Ex-Chamberlain basketball coach honored
Gym named for longtime coach, former player Doug Aplin
TAMPA — Doug Aplin’s special night did not quite end in storybook fashion with Chamberlain’s boys basketball team losing to Class 6A, District 9 rival Jefferson following a ceremony naming the school’s gym in his honor.
Aplin, who coached the Chiefs to 512 wins from 1978-2009. His 31 seasons at Chamberlain included state final four berths in 1989, 1990 and 1996. Aplin also was a 1,000-point scorer for Chamberlain, where he graduated in 1972 before playing at the University of South Florida.
The Charles “Doug” Aplin Gymnasium was christened Nov. 22 with many former players, coaches and administrators — not to mention supportive family and friends — in the crowd. The ceremony left Aplin visibly shaken.
“Obviously I’m extremely honored,” he said. “I can’t think of any bigger honor that a coach can receive.”
Aplin received a bit of sympathy from former rival Eric Hayes, a 1993 Tampa Catholic graduate who coached the Dragons to a 67-65 win that night.
“I hate to be the one to spoil his night, but at the same time I think he understands,” Hayes said.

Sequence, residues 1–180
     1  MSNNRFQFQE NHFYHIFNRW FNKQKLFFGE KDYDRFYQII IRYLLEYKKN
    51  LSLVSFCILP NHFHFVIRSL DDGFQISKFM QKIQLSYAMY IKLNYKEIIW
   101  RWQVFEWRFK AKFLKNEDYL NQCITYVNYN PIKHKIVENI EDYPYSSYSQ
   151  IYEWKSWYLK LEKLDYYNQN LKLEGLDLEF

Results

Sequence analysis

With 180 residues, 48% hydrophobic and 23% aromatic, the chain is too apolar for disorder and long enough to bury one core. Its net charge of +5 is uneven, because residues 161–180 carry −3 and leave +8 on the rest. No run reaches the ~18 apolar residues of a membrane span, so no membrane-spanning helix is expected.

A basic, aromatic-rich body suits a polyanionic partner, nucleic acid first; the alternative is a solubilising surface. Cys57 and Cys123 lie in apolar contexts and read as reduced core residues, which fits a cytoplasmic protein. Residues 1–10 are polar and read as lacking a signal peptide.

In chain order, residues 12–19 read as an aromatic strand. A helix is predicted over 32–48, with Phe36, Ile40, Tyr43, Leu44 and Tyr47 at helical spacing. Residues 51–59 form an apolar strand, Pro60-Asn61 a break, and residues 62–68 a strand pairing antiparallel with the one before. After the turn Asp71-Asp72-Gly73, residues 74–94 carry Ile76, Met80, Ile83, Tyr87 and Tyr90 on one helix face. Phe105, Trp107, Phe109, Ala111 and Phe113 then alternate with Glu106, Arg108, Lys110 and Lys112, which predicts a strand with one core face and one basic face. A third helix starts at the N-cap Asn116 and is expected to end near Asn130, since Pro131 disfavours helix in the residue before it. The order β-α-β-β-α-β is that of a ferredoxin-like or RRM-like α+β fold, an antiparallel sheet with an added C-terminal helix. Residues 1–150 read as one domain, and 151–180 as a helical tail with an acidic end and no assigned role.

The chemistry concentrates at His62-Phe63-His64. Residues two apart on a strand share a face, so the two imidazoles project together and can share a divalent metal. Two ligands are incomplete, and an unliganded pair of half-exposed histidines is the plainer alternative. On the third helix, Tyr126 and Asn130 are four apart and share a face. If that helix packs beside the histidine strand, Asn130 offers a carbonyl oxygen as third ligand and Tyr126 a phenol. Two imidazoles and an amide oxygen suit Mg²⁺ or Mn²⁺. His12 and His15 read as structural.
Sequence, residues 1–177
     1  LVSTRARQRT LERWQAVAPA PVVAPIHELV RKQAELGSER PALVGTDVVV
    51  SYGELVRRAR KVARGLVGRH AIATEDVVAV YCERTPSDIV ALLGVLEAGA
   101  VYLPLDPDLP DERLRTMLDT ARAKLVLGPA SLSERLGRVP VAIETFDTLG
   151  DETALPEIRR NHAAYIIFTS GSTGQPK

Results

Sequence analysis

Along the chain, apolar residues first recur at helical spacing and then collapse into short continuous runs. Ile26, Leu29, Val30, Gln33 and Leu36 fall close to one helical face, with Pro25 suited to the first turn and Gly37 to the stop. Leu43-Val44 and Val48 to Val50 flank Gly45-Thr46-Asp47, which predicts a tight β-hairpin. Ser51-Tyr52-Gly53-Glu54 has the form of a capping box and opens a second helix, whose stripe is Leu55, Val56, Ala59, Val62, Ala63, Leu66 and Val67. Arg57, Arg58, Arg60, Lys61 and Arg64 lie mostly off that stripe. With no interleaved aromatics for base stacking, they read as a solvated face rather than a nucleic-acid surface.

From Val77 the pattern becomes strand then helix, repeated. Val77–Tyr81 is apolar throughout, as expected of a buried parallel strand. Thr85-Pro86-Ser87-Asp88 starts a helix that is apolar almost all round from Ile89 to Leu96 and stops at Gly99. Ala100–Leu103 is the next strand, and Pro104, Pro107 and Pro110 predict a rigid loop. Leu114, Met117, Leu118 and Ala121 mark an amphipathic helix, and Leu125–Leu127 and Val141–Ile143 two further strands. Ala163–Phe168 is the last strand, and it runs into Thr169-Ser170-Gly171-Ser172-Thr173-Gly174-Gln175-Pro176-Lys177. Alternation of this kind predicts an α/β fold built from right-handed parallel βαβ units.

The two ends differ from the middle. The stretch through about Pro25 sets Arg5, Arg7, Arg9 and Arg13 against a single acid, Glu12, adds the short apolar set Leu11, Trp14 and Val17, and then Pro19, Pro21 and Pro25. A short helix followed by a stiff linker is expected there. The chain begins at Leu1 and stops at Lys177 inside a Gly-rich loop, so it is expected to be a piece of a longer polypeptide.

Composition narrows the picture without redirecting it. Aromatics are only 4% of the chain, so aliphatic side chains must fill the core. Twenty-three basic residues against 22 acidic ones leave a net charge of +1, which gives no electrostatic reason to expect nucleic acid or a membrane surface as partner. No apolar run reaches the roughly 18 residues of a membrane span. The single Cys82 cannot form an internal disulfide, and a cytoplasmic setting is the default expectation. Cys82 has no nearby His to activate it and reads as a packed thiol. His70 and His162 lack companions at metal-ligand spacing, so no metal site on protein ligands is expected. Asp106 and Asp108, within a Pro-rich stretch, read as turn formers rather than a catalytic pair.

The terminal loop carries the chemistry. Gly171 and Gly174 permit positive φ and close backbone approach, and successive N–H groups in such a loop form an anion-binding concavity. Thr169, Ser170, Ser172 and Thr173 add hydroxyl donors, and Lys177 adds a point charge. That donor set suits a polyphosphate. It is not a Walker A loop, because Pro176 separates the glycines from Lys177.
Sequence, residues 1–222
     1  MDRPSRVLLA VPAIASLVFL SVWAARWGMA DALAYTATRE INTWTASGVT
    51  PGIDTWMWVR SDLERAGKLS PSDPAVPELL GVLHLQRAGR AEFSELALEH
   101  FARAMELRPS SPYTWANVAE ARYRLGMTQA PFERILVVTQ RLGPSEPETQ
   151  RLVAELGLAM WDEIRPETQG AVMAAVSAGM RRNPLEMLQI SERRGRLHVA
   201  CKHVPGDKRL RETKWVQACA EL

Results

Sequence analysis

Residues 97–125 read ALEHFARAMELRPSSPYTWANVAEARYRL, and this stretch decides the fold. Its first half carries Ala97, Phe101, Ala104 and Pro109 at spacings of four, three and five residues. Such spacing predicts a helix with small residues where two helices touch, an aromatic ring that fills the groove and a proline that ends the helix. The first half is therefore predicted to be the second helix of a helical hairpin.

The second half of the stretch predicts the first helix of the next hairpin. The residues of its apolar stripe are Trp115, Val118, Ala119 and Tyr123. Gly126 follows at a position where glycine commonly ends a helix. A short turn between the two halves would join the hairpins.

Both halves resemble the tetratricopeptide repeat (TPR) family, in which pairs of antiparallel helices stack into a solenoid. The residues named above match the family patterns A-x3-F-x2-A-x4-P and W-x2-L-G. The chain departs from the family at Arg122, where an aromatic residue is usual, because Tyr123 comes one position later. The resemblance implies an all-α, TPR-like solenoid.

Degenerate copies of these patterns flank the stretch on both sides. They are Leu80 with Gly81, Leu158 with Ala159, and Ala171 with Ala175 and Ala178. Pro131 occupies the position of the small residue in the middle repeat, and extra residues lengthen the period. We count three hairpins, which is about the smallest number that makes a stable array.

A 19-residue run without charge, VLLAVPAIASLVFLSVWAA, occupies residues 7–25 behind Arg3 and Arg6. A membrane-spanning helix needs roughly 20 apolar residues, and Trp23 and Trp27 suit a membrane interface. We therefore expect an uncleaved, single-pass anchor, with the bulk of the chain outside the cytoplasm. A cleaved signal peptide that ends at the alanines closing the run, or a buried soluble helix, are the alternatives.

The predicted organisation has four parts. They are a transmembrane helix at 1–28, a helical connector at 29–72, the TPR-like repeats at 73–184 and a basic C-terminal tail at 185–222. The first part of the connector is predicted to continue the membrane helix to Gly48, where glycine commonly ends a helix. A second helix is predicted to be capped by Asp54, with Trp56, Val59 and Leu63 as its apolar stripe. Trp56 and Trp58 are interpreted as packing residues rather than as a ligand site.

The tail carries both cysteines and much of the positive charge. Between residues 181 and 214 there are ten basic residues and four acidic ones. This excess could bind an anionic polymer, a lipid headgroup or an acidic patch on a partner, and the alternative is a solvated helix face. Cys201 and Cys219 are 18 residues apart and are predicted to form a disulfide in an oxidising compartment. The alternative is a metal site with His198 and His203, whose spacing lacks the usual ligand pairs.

Current coach Christopher Snyder, who considers the man he replaced as a mentor, said, “I knew this program had had success, but I didn’t want to follow a legend. I’m g lad it’s me that gets to be the one here tonight, because I followed the legend and I’m still here.”
Aside from his playing prowess and coaching acumen, Aplin is regarded as somewhat of a hero for saving the life of Chamberlain basketball player Kenneth Brooks six years ago. Aplin used CPR to revive the 17-year-old who collapsed and stopped breathing during a practice.
Among those in attendance for the ceremony were Chamberlain coaching legends Billy Turner (former longtime football coach) and Bobby Diez (current softball coach). Longtime rival Joe Fenlon, who coaches Tampa Prep, and former player Jesse Salters, who led the 1990 Chiefs to a state final, also showed up.
Aplin, who also coached flag football in his later years at Chamberlain, said he never spent a bad day on the job and would not have preferred to coach anywhere else.
“As a 24-year-old kid they gave me the job and they couldn’t get rid of me for 31 years,” he said. “It’s a great school. It’s home away from home.”